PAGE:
“People paid us to do this,” he says, enjoying the memory. “We used to share the money under the lamp post outside (about £30) – it was an amazing experience.”
The idea of an audience following the performers must have taken root because his first play Road (1986) would employ the promenade style in its debut production at the Royal Court Theatre Upstairs. Now considered a modern classic and described at the time by The Observer as “the most significant and original new English play” for years, Road was initially just “scraps of things” that Cartwright showed to his friends. One such friend was Neil Pearson, the actor, who had contacts in Sloane Square.
Cartwright takes up the story. “The next thing I knew, I got a call from Antonia Bird at the Royal Court. They were treating me like I was the new Angry Young Man. We’d like to commission you, they said, and I didn’t even know what that meant. They gave me a couple of hundred quid which was a big mistake as I buggered off up north and they never saw me.”
When the Royal Court did eventually enquire about that play they had paid for, Cartwright got a grip on things and finished it. Its impact was beyond his wildest dreams. “It was a fabulous feeling. I was really poor at the time with a wife and a young kid. I remember one particular moment, getting out of a cab outside the Royal Court, looking up and nearly falling backwards in doing so as I saw my name in lights. I thought wow. Me. Off a council estate. To this. The money started coming in and it was like winning the pools.”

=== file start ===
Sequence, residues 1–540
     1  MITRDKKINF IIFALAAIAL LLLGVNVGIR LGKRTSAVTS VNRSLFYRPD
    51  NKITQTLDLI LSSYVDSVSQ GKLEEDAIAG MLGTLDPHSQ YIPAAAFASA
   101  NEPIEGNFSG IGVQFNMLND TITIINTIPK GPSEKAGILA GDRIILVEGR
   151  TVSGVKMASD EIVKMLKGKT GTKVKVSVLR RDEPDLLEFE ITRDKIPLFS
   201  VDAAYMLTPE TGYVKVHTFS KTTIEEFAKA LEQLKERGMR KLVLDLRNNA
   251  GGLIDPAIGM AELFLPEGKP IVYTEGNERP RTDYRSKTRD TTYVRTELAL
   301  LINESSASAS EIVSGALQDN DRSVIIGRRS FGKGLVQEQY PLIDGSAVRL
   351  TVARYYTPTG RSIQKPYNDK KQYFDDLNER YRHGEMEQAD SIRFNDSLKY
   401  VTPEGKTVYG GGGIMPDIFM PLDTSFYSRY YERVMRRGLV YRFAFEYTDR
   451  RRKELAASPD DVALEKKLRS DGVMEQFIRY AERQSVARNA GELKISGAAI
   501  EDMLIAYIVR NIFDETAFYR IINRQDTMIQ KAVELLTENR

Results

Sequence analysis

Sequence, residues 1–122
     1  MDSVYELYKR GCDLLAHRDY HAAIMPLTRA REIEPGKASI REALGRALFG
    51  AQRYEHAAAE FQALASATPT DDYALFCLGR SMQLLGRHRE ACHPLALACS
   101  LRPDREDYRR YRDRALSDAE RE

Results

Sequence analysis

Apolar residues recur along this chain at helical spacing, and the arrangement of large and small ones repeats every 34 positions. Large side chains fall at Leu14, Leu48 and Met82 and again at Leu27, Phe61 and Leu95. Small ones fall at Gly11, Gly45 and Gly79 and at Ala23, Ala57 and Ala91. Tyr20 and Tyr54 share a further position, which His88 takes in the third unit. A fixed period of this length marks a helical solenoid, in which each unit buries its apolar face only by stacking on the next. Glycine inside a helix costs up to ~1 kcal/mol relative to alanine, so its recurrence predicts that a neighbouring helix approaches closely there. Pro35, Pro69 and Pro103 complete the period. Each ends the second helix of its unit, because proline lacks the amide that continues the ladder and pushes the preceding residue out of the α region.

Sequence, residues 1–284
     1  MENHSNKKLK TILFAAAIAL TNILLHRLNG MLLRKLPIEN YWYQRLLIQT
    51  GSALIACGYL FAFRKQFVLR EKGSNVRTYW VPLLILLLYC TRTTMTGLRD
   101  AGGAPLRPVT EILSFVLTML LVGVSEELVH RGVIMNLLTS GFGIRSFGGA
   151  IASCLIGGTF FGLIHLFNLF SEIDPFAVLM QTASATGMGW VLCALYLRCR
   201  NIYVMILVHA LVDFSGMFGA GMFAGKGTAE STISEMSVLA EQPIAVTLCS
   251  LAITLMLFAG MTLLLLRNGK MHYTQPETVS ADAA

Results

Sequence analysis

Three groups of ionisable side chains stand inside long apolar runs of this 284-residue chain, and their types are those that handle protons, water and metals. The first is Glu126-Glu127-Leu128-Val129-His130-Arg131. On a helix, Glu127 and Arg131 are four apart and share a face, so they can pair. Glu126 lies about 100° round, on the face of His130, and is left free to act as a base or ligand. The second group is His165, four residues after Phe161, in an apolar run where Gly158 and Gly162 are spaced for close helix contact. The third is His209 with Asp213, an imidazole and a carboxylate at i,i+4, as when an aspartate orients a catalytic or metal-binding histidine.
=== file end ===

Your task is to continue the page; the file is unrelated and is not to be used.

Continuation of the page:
Rather than doing a runner this time around, Cartwright delivered with Bed (1989) for the National Theatre and, in the same year, Two, which premiered in Bolton.
While both were acclaimed, Cartwright’s career reached new heights with The Rise and Fall of Little Voice, a 1992 vehicle for Jane Horrocks first performed at the National before a West End transfer. More realistic than the author’s earlier plays and offering the role of a lifetime in LV, the girl who finds herself thanks to an ability to mimic superstar singers like Bassey and Garland, the play opened on Broadway in 1995 and was adapted for the big screen three years later.
Cartwright wriggles when asked which of his plays is his favourite, though will admit that “you have a lot of feelings for your first play”.
For the moment he is busy, with a raft of projects under way. They include commissions from the Young Vic in London and the Royal Exchange in Manchester, a one-man play to open at Edinburgh this summer and a feature film, Cornered, in which Cartwright himself is due to direct a cast including Jim Broadbent, Maxine Peake, Sean Bean and Timothy Spall.
Writing from an armchair at home, on the train, or from a caravan in his field when “the wife kicks me out” for the day, Cartwright is happiest juggling more than one project. “I like it. I can flit from one to the other, even on the same day.”
His work is performed somewhere in the world “pretty much continuously which is fantastic for me. Some were written a while ago but are still performed. Sometimes you get a 16-year-old come up to you and say they’ve studied it at school and loved it. What better music to the ears of a writer?”
The Ancient Secret of Youth and the Five Tibetans is at the Octagon Theatre, Bolton, until May 23; The Rise and Fall of Little Voice is at Birmingham Repertory Theatre from May 15-30